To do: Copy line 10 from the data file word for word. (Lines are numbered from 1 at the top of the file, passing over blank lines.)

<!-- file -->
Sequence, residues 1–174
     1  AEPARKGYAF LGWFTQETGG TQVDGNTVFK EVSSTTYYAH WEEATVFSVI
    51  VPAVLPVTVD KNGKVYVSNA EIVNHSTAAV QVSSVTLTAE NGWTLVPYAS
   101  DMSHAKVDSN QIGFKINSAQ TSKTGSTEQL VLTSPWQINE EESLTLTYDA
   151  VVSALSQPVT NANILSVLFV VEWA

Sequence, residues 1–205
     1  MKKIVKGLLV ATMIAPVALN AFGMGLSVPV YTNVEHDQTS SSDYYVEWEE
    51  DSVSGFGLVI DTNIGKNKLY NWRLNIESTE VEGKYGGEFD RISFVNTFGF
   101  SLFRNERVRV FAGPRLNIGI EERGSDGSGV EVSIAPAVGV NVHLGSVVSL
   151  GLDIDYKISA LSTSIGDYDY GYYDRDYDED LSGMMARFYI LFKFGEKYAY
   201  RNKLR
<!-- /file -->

   151  GLDIDYKISA LSTSIGDYDY GYYDRDYDED LSGMMARFYI LFKFGEKYAY